1. ## mapping

Hi can anybody help me here,
i need help explaining the theory that

The set of all finite subsets of the natural numbers is countable.
i need to explain this by constructing an injective mapping. I looked on wikipedia but it was not too helpful.
thanks

2. Originally Posted by math_lete
Hi can anybody help me here,
i need help explaining the theory that

The set of all finite subsets of the natural numbers is countable.
i need to explain this by constructing an injective mapping. I looked on wikipedia but it was not too helpful.
thanks
This takes work if you are willing to avoid choice. There is a theorem which says that a countable union of at most countable sets is at most countable. The proof of this results depends on choice. Instead there is a weaker result.

Theorem: Let $A: \mathbb{N}\to S$ be a sequence such that $A_n$ is at most countable. And let $a: \mathbb{N}\to T$ be a sequence such that $a_n$ enumerates $A_n$ i.e. $a_n: \mathbb{N} \to A_n$ is a surjection. Then $\bigcup A[\mathbb{N}]$ is at most countable (i.e. $A_0\cup A_1\cup ...$ is at most countable).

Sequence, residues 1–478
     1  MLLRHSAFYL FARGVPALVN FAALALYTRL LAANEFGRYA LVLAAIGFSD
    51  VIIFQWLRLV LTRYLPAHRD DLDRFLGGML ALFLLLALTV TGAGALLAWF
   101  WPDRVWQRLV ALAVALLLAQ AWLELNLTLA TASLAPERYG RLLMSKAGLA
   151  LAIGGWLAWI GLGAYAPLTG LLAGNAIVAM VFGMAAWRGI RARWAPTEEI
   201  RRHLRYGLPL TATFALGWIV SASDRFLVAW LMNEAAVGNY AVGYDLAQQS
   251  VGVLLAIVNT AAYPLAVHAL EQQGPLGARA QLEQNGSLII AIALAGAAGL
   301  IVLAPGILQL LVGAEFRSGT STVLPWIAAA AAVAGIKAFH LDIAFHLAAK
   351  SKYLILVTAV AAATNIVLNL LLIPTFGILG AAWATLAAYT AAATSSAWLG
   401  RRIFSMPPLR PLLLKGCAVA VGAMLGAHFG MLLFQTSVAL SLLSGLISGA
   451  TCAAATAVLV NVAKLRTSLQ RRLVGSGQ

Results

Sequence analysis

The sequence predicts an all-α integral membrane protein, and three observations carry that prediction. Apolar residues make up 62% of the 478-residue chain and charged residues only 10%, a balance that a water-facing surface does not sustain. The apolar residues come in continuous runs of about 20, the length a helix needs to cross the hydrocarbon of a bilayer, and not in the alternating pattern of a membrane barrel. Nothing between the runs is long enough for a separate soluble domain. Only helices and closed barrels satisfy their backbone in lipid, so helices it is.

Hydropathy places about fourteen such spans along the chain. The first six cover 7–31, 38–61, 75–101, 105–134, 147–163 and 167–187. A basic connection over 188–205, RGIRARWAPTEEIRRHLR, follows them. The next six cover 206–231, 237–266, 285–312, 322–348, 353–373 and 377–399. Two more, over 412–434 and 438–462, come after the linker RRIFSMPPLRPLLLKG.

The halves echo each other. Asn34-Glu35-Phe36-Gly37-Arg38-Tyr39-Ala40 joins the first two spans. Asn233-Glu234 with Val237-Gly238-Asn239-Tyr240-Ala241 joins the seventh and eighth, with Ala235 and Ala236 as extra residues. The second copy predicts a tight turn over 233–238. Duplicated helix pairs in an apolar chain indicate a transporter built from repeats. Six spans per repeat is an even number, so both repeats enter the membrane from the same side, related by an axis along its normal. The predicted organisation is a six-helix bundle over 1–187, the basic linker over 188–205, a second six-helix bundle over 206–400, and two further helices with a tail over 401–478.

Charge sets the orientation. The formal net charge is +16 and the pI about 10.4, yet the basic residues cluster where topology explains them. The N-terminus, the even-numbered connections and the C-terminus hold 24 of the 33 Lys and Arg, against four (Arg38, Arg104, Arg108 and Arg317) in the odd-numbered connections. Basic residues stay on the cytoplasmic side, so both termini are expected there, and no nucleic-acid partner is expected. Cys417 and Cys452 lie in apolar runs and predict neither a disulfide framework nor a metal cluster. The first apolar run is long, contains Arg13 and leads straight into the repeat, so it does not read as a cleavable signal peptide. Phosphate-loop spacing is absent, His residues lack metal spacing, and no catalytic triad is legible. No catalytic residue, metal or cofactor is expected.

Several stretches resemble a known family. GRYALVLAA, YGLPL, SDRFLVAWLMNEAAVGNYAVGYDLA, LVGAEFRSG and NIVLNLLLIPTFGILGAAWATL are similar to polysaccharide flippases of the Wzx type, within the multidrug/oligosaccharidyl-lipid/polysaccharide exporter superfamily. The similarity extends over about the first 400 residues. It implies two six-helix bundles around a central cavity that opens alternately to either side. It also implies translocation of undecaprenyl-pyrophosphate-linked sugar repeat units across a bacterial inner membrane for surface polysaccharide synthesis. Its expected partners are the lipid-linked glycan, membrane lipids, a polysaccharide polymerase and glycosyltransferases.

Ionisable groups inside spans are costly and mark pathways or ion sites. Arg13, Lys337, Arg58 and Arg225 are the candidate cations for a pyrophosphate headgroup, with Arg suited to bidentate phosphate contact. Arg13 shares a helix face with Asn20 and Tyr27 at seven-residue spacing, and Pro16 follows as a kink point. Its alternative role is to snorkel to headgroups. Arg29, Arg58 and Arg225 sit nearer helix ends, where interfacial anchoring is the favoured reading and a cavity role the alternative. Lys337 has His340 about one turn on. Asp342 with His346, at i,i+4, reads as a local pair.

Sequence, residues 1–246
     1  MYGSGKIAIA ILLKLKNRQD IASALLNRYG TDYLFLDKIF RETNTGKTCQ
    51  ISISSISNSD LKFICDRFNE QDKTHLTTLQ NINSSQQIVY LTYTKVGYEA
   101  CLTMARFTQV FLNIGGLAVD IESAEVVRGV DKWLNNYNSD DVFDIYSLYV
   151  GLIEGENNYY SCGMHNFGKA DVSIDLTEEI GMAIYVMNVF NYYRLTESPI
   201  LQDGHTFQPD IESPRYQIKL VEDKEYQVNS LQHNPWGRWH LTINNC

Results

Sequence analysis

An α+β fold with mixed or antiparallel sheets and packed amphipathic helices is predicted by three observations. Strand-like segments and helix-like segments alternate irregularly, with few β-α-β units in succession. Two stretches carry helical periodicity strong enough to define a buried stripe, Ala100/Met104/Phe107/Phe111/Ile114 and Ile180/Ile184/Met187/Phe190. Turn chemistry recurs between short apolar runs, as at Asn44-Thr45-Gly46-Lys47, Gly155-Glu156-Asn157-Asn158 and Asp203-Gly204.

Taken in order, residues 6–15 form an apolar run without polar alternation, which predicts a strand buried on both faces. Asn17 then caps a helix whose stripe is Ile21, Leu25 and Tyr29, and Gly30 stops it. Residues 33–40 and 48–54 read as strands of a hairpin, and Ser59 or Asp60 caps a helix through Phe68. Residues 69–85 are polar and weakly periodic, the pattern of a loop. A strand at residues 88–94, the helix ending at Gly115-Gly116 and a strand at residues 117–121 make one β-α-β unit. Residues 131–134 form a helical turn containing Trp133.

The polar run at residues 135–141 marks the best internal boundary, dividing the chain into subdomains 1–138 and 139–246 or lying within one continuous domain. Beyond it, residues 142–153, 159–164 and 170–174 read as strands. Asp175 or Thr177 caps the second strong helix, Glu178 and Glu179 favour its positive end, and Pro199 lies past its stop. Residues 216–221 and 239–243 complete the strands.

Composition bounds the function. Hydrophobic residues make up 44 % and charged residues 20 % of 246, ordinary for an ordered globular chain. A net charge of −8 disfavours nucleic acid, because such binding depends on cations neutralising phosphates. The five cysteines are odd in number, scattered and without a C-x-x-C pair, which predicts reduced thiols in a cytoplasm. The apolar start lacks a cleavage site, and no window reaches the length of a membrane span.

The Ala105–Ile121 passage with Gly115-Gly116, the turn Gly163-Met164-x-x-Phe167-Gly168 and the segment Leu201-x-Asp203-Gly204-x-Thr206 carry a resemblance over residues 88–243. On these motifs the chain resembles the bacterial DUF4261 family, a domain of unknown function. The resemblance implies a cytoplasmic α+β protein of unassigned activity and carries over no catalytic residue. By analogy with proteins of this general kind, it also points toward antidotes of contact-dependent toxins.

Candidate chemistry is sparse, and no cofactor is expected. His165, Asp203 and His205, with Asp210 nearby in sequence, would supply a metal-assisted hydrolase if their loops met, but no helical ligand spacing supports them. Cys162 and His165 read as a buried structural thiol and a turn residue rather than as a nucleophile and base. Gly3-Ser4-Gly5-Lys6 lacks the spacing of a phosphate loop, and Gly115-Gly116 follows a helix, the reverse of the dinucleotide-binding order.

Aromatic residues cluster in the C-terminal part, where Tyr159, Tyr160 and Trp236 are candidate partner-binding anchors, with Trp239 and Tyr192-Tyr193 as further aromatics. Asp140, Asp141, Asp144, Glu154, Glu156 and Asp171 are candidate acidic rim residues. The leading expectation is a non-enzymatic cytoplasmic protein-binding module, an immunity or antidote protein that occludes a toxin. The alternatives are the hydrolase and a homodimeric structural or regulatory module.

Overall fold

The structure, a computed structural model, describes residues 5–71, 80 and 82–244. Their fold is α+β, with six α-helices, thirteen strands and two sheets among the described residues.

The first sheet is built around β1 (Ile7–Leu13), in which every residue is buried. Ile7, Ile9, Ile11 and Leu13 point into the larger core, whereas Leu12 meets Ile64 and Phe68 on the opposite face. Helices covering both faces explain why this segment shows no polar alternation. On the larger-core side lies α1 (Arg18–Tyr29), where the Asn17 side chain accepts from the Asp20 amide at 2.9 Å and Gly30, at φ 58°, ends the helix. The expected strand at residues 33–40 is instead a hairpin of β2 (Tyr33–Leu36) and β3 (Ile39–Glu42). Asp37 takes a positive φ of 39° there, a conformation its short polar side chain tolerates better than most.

Proof: Define the function $f: \mathbb{N}\times \mathbb{N}\to \bigcup A[\mathbb{N}]$ as $f(x,y) = a_x(y)$. The function $f$ is onto and so $f[ \mathbb{N}\times \mathbb{N} ] = \bigcup A[\mathbb{N}]$ is at most countable since the image of a countable set is at most countable (here we are using the result that $\mathbb{N}\times \mathbb{N}$ is countable).

Let $N$ be the set of all finite subsequences of $\mathbb{N}$. We prove a stronger result.

Theorem: $N$ is countable.

Proof: Let $\mathbb{N}^n$ represent all functions $n\to \mathbb{N}$. Define $A: \mathbb{N} \to S$ by $A_n = \mathbb{N}^n$ where $S = \mathcal{P}(\mathbb{N}\times \mathbb{N})$. Then $\bigcup A[\mathbb{N}] = N$. Therefore by above if we can produce $a: \mathbb{N}\to T$ then $N$ would be countable. Let $g: \mathbb{N}\to \mathbb{N}\times \mathbb{N}$ be any bijection - we know one such exists. Define $a: \mathbb{N}\to N$ in following way. Define $a_1$ to be the set of all one-element sequences i.e. $a_1(k)$ is the function $a_1(k): 1 \to \mathbb{N}$ defined by $a_1(k)(0) = k$. Define $a_{n+1}$ recursively at a point $k$ by first letting $g(k)=(k_1,k_2)$ and then $a_{n+1}(k)$ to be the $n+1$ element sequence whose first $n$ elements are the terms of the sequence $a_n(k_1)$ and the $n+1$ element is $k_2$. It remains to show that $a_n$ is an enumeration of $A_n$ for $n\geq 1$. Of course we avoided $a_0$ since that is the empty sequence (empty sequence) and does not alter the cardinality in question. Therefore, $N$ is at most countable. There is just one last step and that is to find such a set $T$ which contains all these $a_n$ to complete the proof.